With my white trash American background, I have a bit of a soft spot for professional wrestling – although admittedly it’s due to Mexican wrestling rather than WWF. So I was excited when I heard about the play Lardo, currently premiering at the Old Red Lion theater. A fat Scottish boy wants to live his dream of being a professional wrestler? With visions of deep fried Mars bars, acres of spandex, and slamming Irn-Bru in my head, I eagerly awaited opening night (well, really, the day after, but close enough).
I walk upstairs into the theater space, and bam! It’s been transformed. The walls are painted in primary colors – including blue for the Scottish flag and red for some lockers – and the entire area has been taken over by a wrestling wring (with the same blue on the ropes). I wonder how it’s all going to work, because either all of it’s actually taking place in and next to the ring, or … well, that big square piece obviously isn’t going anywhere. And as the story opens, we’ve got the protagonist, Lardo (Daniel Buckley, like a round male Judy Garland all ready to use the barn to put on a show), running around in front of the ring while his girlfriend, Kelly (Laura Daral), shoots videos of him on her cell phone. He’s busy promoting himself as a wrestling superstar, although (we discover) all he really has is a persona and a dream – he’s never spent a minute in the ring. Then suddenly his girlfriend asks him to be careful and not step in the sea turtle eggs … what? Oh, I get it, they’re supposed to be outside. As the show evolves, it becomes clear that, for all that it looms, the boxing ring has more flexibility than I expected, serving nicely both as a living room and a bedroom in other scenes.
But the show and the stage truly come to life when it’s time for Tartan Wrestling Madness!!! (which has to be spelled with exclamation marks). Lardo believably talks himself into a show – with some help from a health and safety inspector who bigs him up to “ringmaster” Stairs (Nick Karimi) – and then takes his comic relief spotlight and turns it into star billing. It all happens pretty fast, but what winds up pulling you in is the development of personal relationships between the various wrestlers in Stairs’ stable (a crazy seeming blonde named Whiplash Mary and an old friend of Lardo’s, Wee Man), whose lives become intertwined with Lardo’s. Meanwhile, Stair’s hunger for money is pulling ahead of any concern whatsoever for the welfare of the people who are effectively his employees – and the stunts are starting to seem a bit too real.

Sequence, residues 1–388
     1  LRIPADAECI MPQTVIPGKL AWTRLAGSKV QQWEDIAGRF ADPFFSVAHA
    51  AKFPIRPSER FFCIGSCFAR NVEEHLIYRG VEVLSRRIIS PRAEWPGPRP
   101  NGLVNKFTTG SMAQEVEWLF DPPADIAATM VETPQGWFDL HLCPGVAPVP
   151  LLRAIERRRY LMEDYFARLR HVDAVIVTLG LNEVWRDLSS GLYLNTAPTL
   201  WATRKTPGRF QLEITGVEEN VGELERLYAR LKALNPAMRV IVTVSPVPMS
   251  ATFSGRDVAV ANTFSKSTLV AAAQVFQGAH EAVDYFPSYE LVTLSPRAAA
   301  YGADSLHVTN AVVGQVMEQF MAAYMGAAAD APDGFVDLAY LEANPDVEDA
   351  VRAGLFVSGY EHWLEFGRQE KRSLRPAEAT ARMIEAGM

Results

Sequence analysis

In fact, the fourth wall really starts to tumble down during this show, as we, the audience, are sucked in to the drama (who woulda thunk it) of amateur wrestling. The throws seems real, there’s no doubt that bruise on poor Buckley’s shoulder was real, and before you know it, the entire environment seems real. We are at a wrestling match and Lardo needs our support. He’s funny, he’s got great stage presence, and you just can’t help wanting him to win. And before you know it, that feeling is spreading to the whole production. You want Lardo to make it out alive, you want him to get things fixed with his girlie, and you want him to actually live up to the plus size dreams he has for his life. In the end I was pretty amazed – I walked in thinking I was going to be having a laugh and wound up being caught up emotionally with what was going on. I can’t even blame the Irn-Bru. Lardo is a knee-twisting, full body slam good time and just a damned good night out. Don’t miss it.
(This review is for a performance that took place on Friday, March 6, 2015. Lardo is booking through March 29th. By the way, Nick Karimi looks super fine when he rips his shirt off for the final wrestling bout. You have been warned.)